Much has been written about the influence of Connolly on Pearse’s thought, but any close study of their writings and speeches in 1913-1914 would suggest that Pearse exercised at least as strong an influence on the labour leader’s thinking about the national question. The lockout played an important role in blending the social and political agendas of separatists of varying hues.

Municipal elections

But it had little immediate impact on the local political scene. In the January 1914 municipal elections Larkinite candidates in Dublin put forward the most advanced social and national programme so far seen in Ireland. But only one of ten candidates was elected and, although they came close to winning in several other constituencies, the result was all the more devastating because of the high hopes with which they entered the contest.

Isolated by the TUC in Britain, rejected by the electorate in Dublin and facing starvation because the food ships had stopped, Dublin workers had to accept the inevitable and return to work. Despite various efforts by church leaders, British trade unionists and government agencies, Murphy refused to compromise. Attempts by a minority of employers to find a peace formula were equally robustly rejected. By February 1914 Murphy had achieved total victory, or so he thought. What none of the protagonists had foreseen was the advent of the First World War just six months later. Consequent severe labour shortages allowed the ITGWU, and the trade union movement generally, to recover from defeat. By 1920 the ITGWU was Ireland’s largest union with 120,000 members, compared with its pre-war peak of 24,135 at the start of January 1913.


In retrospect the lockout represents the coming of age of the Irish trade union movement. Perversely, the aid from Britain and the well meaning but ineffectual interventions of the TUC in the dispute made the younger generation of Irish trade union leaders all the more determined to assert their independence. During the lockout people ranging from female suffrage campaigners to Catholic curates began to question in fundamental ways what sort of society home rule Ireland would be. Issues as relevant today as then, such as children’s rights and the effects of the internationalisation of capital (globalisation) were hotly debated. The lockout was the first major urban conflict to impinge itself on the national consciousness. Ironically the next great urban event was the Easter Rising and the lockout was relegated to the role of curtain raiser to the national struggle.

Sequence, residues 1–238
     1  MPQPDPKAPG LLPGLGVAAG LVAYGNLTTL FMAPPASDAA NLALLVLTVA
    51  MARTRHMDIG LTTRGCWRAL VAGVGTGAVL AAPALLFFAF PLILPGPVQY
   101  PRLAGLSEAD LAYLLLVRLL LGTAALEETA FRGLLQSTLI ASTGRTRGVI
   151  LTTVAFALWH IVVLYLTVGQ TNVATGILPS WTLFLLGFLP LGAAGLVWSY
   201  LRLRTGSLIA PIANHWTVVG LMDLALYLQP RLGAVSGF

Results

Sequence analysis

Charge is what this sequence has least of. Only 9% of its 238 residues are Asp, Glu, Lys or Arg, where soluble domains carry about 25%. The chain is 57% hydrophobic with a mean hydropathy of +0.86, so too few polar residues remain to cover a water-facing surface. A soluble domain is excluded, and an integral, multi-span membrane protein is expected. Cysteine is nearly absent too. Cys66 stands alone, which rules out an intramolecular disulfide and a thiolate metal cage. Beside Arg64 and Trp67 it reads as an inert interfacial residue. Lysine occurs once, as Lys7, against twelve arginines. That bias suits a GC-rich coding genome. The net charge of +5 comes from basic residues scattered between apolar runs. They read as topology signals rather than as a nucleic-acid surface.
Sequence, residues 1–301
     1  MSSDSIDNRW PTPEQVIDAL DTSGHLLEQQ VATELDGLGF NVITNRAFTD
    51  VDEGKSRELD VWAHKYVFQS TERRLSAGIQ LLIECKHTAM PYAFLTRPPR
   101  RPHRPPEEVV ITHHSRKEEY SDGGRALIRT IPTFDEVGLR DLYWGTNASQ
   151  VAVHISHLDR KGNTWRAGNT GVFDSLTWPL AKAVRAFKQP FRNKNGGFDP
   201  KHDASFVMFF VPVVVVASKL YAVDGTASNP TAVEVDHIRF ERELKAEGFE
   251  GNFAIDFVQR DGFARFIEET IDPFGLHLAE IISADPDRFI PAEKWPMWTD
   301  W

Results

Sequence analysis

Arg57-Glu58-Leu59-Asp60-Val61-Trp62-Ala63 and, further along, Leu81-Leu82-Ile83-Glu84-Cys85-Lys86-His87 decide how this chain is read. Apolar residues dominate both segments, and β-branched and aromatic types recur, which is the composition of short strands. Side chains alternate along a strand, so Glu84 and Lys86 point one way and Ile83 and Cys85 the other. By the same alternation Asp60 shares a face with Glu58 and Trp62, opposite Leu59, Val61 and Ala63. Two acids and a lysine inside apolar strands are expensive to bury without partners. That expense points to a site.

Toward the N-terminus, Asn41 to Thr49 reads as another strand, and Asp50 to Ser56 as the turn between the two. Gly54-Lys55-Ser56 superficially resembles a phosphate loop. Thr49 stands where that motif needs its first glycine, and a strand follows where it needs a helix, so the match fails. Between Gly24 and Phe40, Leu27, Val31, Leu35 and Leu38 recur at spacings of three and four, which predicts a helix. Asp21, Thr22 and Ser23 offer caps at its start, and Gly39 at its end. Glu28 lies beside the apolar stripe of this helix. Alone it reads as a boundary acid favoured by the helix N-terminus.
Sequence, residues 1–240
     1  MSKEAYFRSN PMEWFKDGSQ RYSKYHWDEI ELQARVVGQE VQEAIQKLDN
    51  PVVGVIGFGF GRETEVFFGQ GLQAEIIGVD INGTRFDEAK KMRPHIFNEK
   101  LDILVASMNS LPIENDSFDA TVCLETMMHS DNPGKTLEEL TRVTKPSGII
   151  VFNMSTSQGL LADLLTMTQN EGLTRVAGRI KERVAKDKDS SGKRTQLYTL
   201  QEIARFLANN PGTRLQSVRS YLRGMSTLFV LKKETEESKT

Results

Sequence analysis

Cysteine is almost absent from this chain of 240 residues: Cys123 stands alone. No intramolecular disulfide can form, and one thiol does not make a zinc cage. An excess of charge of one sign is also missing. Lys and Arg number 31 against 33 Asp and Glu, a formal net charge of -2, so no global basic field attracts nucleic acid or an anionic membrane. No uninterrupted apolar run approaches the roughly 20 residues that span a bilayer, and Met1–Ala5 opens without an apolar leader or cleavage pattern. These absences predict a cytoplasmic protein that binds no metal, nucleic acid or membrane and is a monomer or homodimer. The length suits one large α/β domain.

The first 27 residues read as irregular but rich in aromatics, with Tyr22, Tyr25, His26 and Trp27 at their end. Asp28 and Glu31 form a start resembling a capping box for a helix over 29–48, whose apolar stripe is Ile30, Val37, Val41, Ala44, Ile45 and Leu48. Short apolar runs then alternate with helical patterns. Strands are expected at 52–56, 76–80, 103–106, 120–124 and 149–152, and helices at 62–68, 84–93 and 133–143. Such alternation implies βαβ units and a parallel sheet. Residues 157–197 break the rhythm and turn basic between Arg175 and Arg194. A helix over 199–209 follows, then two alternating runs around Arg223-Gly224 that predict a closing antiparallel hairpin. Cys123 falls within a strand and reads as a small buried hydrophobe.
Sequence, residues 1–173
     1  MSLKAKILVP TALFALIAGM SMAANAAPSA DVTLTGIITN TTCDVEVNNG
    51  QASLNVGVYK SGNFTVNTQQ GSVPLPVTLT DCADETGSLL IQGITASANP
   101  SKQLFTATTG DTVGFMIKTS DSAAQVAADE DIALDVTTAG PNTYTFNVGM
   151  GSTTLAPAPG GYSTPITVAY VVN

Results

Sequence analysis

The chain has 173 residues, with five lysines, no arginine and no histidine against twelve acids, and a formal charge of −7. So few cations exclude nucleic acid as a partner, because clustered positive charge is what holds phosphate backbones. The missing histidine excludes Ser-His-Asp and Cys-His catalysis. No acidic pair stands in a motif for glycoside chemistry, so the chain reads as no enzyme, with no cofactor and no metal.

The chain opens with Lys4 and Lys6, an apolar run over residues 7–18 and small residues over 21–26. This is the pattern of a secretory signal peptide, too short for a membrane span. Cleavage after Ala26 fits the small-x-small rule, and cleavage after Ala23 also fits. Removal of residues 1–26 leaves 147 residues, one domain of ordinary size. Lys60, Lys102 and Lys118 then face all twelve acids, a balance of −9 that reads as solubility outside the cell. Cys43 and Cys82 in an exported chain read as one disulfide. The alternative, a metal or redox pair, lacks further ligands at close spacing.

September 1913

What need you, being come to sense,
But fumble in a greasy till
And add the halfpence to the pence
And prayer to shivering prayer, until
You have dried the marrow from the bone;
For men were born to pray and save:
Romantic Ireland’s dead and gone,
It’s with O’Leary in the grave.

Yet they were of a different kind,
The names that stilled your childish play,
They have gone about the world like wind,
But little time had they to pray
For whom the hangman’s rope was spun,
And what, God help us, could they save?
Romantic Ireland’s dead and gone,
It’s with O’Leary in the grave.

Was it for this the wild geese spread
The grey wing upon every tide;
For this that all that blood was shed,
For this Edward Fitzgerald died,
And Robert Emmet and Wolfe Tone,
All that delirium of the brave?
Romantic Ireland’s dead and gone,
It’s with O’Leary in the grave.

Yet could we turn the years again,
And call those exiles as they were
In all their loneliness and pain,
You’d cry, ‘Some woman’s yellow hair
Has maddened every mother’s son’:
They weighed so lightly what they gave.
But let them be, they’re dead and gone,
They’re with O’Leary in the grave.


English Blood, Irish Heart ErikWeissengruber